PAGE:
It may sound too good to be true, but researchers are doing just that. The lab that's changing lives right now could change many more in the future.
This is the lab where science fiction becomes reality. It is the world's first engineered urethra, created at the Wake Forest Institute for Regenerative Medicine. First, researchers take a very small piece of tissue from a patient's bladder. Then, they grow the cells outside the body and put the tailor-made urethra right back in the patient.
Anthony Atala, MD, Director of the Wake Forest Baptist Medical Center, Institute for Regenerative Medicine said, "Very much like baking a layer cake if you will, we do this one layer at a time." Doctors were able to give five boys in Mexico who suffered pelvic injuries new urethras. And check this out: researchers are using printers to create lab-grown ears. So far it's worked in animals.
John Jackson, PhD, Associate Professor at Wake Forest Institute for Regenerative Medicine, told Ivanhoe, "We can make it match very closely to a native ear."
A CT scan of the existing ear generates a pattern that scientists replicate. A 3D image is made - then layer by layer - the machine prints the ear. In another project , researchers are engineering muscle. First, they take muscle biopsies and isolate cells that have the potential to multiply. They then seed them onto a scaffold, teaching the cells to become muscle.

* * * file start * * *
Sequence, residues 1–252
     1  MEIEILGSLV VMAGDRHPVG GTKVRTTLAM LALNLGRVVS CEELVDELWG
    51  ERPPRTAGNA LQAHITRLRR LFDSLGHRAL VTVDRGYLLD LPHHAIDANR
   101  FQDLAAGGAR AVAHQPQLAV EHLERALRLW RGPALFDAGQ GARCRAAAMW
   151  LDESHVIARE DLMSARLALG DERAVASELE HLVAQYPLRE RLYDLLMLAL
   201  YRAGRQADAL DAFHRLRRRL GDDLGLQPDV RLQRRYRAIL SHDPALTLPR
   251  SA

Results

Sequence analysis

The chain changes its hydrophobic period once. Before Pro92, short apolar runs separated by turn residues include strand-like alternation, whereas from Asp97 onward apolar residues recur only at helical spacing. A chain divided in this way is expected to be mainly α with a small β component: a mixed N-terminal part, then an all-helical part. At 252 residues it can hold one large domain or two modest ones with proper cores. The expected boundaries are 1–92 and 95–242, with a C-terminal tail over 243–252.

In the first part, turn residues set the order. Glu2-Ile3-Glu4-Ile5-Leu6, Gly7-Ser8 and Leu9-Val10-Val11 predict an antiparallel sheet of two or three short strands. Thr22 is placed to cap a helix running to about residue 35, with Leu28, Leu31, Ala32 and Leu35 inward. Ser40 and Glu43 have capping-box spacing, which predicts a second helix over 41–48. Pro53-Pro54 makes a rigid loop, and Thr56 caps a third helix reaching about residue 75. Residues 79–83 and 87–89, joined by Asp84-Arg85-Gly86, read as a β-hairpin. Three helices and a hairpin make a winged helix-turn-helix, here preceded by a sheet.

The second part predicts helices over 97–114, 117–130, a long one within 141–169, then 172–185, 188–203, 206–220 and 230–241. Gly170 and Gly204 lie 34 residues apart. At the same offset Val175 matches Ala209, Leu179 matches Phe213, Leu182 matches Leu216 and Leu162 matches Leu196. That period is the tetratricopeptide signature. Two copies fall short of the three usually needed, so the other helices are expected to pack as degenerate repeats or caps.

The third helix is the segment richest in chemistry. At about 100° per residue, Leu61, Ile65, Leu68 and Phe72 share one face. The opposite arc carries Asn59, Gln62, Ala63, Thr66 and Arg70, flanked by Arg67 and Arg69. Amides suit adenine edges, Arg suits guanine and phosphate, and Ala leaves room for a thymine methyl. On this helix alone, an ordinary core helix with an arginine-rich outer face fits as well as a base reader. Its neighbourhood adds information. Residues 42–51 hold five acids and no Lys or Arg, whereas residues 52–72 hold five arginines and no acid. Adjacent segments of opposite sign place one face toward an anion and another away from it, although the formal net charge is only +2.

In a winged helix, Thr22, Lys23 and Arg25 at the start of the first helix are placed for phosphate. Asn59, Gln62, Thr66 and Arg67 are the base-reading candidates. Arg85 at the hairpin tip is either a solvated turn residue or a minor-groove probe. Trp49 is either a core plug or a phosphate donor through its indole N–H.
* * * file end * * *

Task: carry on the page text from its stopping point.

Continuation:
George Christ, PhD, Professor of Regenerative Medicine at Wake Forest Institute for Regenerative Medicine, told Ivanhoe, "Think of as exercise, as if you were exercising at a gym or something like that."
The next step is to implant the muscle in the body, where it will regenerate and repair an injury. The new muscle could help many ailments including neuropathy, cleft palate, and facial paralysis.
"It's life-changing even in the simplest cases," said Dr. Christ.
While the urethras have already been used in human patients and are currently in clinical trials, the engineered muscle and bio-printed ears have not. Scientists hope to be using them in humans in the next two years or so. Hoping their work could one day help injured soldiers, researchers at Wake Forest have also teamed up with the military on a few projects.